Brave New World

Recent conversations with several attorneys prompted this post. The title many will recognize is from a 1931 book by English author Aldous Huxley, and I have to say, I’ve never read it. But, here we are in the 3rd quarter of 2021 and I have to say that, due to the COVID-19 pandemic, and other factors, we may be at a stage in the world where changes are occurring, or have occurred, that have altered “normal” and changed it forever. My post “Quantifying Change” ( was a part of the story. Demographics have changed, as quantified by the 2020 Census. As mentioned in this previous post, the data will describe an America that is more “blended” than ever demographically. But that blending includes changes in psychographics – attitudes, values, and belief systems. When asking people to reach decisions, e.g., juries and verdicts, these changes must be considered. The changes did not happen overnight; Census data are on a 10 year cycle thus though the changes have happened between 2010 and 2020, these types of changes occur more gradually that one might think when the new Census data are released. But, then there is the pandemic. It brought a host of changes, to work cycles, to interpersonal communications, electronic communications, and more. Some companies really shined as helpful in a crisis – Amazon for example. Other companies adjusted well to remote working and others did not. Employee expectations of work environments are forever altered, along with, in some cases, their perception of corporate America. The politicization of the pandemic has impacted perceptions as well. General political polarization remains an issue as well as the Biden/Trump election cycle remains unsettled in the minds of a significant portion of the U.S. population (a factor discussed in our 2018 post The New World Order, ( A client told me recently that some trial consultants theorize that Trump voters now see themselves as victims (of voter fraud, etc.) such that they might be more sympathetic to accident victims than they once were, as conservatives. I think this theory remains to be seen, but there is no doubt that many parts of what was “normal” are in flux. Because of the uncertainty of these variables, it is perhaps more critical than ever to evaluate cases in a way that accounts for changed perspectives. As trial consultants, we know the value of focus groups, mock jury research, etc. We have always explained to potential clients that jury research reduces uncertainty (see also Reducing Uncertainty from 2016, ( But when uncertainty is elevated as it is now, finding out what people are thinking through the use of focus groups, surveys, and mock jury research is especially critical. Don’t ignore the seismic changes that we are all undergoing in real time these days. Attorneys, adjusters and anyone involved in litigation need to consider the new realities and how they impact jurors’ decisions.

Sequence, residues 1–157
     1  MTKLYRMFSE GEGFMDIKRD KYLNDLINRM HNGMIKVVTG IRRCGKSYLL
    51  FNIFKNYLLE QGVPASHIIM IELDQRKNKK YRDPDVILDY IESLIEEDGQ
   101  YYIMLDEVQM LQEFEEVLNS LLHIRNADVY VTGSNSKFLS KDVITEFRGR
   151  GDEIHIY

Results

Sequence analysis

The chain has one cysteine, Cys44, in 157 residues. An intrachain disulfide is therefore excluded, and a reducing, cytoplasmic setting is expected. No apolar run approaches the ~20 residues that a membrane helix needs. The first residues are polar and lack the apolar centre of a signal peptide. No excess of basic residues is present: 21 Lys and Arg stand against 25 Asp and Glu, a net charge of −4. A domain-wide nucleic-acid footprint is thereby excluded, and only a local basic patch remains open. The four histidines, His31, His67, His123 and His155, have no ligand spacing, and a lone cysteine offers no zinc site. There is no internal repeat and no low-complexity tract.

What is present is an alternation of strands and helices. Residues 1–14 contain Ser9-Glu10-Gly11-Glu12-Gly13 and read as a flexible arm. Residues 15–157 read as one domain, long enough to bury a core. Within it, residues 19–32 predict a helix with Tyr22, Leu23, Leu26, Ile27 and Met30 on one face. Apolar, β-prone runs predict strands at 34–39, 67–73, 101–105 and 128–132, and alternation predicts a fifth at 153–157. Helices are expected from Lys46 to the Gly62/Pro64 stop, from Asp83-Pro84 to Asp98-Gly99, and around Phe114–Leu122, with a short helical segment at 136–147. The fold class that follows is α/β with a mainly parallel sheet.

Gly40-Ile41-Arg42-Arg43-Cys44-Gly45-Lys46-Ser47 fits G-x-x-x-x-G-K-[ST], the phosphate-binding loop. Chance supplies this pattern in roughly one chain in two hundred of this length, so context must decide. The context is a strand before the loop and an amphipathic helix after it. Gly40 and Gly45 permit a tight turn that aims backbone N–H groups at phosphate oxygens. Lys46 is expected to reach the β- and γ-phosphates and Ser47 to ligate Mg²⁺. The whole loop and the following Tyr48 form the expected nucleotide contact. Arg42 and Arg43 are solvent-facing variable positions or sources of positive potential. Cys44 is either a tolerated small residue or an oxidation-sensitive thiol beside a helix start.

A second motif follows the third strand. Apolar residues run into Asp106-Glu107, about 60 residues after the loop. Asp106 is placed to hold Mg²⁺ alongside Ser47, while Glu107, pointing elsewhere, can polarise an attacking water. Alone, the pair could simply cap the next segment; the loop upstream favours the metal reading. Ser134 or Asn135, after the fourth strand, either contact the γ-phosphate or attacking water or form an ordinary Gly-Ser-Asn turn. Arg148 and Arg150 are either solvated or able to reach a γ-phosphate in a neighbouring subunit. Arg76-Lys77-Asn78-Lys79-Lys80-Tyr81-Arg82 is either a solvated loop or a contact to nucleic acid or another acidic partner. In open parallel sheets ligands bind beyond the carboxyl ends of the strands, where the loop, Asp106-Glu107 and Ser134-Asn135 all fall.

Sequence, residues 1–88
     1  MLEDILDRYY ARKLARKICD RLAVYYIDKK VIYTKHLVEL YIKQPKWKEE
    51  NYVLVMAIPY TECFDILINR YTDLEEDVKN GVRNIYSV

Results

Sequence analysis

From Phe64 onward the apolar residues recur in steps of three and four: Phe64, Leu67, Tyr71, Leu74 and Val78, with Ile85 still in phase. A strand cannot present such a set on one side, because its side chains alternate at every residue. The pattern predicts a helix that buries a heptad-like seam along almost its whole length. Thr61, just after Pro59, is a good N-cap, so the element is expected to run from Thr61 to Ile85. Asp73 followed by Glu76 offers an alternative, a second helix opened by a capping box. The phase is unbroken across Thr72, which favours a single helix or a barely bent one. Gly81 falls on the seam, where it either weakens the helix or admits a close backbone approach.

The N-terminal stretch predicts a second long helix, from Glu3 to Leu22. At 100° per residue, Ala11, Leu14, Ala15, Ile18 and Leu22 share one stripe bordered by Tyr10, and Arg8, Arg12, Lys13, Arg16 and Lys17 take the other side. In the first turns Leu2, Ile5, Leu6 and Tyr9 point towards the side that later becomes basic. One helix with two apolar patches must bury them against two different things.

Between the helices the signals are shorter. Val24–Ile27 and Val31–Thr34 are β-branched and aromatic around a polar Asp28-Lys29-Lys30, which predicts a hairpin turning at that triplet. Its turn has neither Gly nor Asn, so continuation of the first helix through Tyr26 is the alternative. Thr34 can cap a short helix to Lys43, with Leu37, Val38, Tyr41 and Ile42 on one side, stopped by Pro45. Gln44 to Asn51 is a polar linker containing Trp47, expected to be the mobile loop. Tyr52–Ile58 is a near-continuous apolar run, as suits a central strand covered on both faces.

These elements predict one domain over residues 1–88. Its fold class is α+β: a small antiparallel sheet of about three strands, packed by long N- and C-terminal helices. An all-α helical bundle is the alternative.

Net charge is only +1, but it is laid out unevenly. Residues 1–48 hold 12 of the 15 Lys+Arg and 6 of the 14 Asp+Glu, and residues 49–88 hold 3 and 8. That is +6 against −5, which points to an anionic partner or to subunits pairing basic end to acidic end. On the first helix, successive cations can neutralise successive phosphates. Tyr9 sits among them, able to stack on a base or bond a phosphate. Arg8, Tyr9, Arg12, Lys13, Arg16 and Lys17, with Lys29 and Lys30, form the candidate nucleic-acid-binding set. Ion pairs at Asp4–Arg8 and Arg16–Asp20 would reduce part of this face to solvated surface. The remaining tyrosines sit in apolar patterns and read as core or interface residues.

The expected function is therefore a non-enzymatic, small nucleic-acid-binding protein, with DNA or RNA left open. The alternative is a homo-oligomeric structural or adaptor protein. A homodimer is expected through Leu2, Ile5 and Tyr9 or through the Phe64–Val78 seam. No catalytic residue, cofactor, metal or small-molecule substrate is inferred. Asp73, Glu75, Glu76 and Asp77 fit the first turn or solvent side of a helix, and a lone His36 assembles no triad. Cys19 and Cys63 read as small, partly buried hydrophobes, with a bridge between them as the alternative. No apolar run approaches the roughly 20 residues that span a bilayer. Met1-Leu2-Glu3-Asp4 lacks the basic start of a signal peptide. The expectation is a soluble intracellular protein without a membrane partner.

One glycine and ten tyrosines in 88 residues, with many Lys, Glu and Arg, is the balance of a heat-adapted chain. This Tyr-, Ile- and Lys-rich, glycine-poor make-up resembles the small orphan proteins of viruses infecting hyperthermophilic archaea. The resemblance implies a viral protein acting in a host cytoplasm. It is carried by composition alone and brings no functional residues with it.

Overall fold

As David and I have written before, there are some people (like us) who thrive on change and there are others who prefer the status quo and/or wish things were “like they used to be.”  The latter types of people are, for the most part, boring to me.  Change is part of human existence and, in order to survive in today’s increasingly complex world, one must be able to accept change and adapt to new things.  This makes me think of Bob (my Bob, my beloved friend since grad. school).  As readers of David’s and my posts already know, Bob is a surfer.  Bob has been surfing since childhood, which at his/our age is a long time.  I am not a surfer, but Bob has regaled me with stories of his surfing adventures for over 40 years, such that I know a little bit about the subject.  It is my understanding, based on what Bob has told me, that no two waves are alike.  This means that, even if one is an expert surfer, one must make an assessment of each approaching wave that is both accurate and fast.  Making a mistake about a wave can result in several negative outcomes, including serious injury.  Therefore, even though Bob, and other expert surfers, have surfed on many, many waves, they have to adapt and change their approach for each new wave that comes along.  Imagine a surfer saying, “Well, I have always surfed this way, so I don’t need to pay attention to this wave I have never seen, or surfed before.”  The same is true regardless of what one is doing in life.  Things are changing; demographics are shifting from the majority being comprised of White Anglo Saxon Protestants; and technologies are advancing in ways we have never before experienced.  Instead of sitting back, wistfully wishing for the days of rotary dial telephones; living in a community with people who look like we do; and in general, putting one’s head in the sand, it’s time to get ready for all of the new things change will bring to our lives.  Surf’s up people!

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